FWBVol writes:

in response to DCflorida1:

(This comment was removed by the site staff.)

FYI, Monte was a head coach at NC State for a couple of years before heading to the NFL.

And by the way, 60-something is about what Florida will get on September 19, that is 60-something YARDS.

OdessaVol writes:

in response to DCflorida1:

(This comment was removed by the site staff.)

Wow! Pretty stupid comment. Idiotic. DCflorida1's credibility just did a North Pole......below zero.

keepitreal4vols writes:

“If you’re kicking the ball off at 1 o’clock on a Sunday, you’re going to be in the shower with Monte at about 10:30 thinking about potential adjustments and things you could make changes to,” Tomlin said

"IN THE SHOWER WITH MONTE", WHAT!?!?!?!?

KNS, YOU NEED TO CHECK YOUR INTERVIEW NOTES

rudy123 writes:

in response to DCflorida1:

(This comment was removed by the site staff.)

I don't doudt that we MAY lose by 60.
Take in to account our poor offense with Crompton. We will have to rely
on the run game to do our scoring.
Once we get behind, we can't catch up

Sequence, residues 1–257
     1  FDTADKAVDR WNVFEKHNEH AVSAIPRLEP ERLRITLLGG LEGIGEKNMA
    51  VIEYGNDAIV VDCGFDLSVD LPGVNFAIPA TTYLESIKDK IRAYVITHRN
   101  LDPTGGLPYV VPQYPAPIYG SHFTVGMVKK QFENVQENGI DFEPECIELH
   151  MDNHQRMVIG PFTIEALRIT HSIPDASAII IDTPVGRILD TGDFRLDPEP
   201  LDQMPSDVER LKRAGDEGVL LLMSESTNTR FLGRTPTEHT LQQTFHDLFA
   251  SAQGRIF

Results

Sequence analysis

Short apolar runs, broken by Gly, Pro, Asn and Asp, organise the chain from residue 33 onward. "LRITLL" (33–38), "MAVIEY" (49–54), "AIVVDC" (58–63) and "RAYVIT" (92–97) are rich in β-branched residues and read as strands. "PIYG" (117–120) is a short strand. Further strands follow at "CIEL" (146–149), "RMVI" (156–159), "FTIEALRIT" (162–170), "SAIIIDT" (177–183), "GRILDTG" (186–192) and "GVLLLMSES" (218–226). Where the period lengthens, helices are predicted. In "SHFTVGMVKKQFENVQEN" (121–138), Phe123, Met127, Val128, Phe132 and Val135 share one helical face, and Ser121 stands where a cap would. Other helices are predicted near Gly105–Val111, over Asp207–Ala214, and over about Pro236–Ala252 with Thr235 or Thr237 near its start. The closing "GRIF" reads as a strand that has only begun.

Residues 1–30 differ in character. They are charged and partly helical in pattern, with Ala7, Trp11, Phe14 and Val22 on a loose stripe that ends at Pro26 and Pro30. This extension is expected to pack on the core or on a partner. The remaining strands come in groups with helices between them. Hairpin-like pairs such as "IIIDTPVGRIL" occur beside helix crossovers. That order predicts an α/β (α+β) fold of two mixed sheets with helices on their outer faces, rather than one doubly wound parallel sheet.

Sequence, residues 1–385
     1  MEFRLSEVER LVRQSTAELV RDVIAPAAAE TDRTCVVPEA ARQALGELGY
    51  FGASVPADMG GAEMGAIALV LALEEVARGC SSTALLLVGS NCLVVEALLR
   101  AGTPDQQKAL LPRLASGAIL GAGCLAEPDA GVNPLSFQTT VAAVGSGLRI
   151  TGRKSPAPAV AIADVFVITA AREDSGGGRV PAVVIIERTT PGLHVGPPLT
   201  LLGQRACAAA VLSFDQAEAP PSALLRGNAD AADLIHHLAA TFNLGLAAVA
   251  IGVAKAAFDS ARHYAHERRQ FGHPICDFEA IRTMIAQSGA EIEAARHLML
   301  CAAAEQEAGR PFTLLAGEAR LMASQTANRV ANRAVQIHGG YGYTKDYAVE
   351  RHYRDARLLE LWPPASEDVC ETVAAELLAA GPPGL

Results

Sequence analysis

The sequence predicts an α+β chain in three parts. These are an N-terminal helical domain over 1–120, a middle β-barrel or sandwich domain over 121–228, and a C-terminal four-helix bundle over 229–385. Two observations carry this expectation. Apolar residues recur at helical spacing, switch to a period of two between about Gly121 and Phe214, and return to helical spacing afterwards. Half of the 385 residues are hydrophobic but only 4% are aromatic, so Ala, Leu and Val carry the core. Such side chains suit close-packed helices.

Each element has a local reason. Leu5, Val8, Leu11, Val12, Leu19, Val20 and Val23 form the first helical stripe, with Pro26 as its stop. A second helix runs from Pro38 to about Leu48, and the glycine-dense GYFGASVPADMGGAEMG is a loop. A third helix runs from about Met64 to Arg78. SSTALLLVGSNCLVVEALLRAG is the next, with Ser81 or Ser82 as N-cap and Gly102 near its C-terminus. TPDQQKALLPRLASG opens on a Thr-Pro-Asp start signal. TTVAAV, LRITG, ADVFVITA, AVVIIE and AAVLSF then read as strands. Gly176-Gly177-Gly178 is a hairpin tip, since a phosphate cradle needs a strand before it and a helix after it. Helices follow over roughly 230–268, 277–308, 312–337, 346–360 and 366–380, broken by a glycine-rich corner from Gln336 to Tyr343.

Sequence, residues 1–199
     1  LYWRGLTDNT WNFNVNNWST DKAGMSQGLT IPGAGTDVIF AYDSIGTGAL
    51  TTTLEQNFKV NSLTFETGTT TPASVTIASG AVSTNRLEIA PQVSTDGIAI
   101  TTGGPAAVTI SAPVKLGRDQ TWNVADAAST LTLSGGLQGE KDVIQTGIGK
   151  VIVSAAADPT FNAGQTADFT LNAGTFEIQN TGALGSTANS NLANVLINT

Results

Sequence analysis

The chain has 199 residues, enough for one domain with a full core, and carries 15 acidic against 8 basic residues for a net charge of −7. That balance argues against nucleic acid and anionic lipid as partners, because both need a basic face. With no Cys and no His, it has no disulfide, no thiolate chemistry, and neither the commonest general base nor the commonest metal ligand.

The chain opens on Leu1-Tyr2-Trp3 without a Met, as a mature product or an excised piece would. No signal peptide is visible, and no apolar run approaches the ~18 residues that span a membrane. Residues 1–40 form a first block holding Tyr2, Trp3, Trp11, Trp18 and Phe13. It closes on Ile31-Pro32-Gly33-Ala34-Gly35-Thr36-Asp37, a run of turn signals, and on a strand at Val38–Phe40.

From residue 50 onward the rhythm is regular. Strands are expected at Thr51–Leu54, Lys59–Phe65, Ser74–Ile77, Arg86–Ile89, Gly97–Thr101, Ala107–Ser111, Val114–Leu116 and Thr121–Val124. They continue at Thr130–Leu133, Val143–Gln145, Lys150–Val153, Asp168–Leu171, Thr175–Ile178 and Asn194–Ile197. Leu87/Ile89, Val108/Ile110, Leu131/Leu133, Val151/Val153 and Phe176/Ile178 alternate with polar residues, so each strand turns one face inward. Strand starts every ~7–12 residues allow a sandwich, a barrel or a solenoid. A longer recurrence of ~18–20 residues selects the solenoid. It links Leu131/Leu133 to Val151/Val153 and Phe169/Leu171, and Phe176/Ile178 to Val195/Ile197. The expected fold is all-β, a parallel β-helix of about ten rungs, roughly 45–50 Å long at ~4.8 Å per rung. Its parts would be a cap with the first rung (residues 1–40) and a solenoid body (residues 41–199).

thru using the run game.
The defense will be on the field alot
and in the fourth quarter, Urban Liar
won't quit. He will score often!! In the 4th quarter, our defense will be worn out and won't be able to stop Florida.
However; this will be Weis's last year
at Notre Dame and Urban Liar will then go to Notre Dame. At that point, Florida will go back to the good ole days of losing like they did before LIar arrived on campus.
At that point, UT will be the "Beast in the East" again. THis will open up
for us the SEC championships and the BCS games again.
Urban Liar DOESN'T want to be at Florida much longer because he knows that U.T. will soon OWN him. He will leave before he starts to take those
ARSE whippings from U.T.

Volition writes:

in response to DCflorida1:

(This comment was removed by the site staff.)

sometimes people lash out when they are afraid.

are you afraid?

Runningangry writes:

in response to DCflorida1: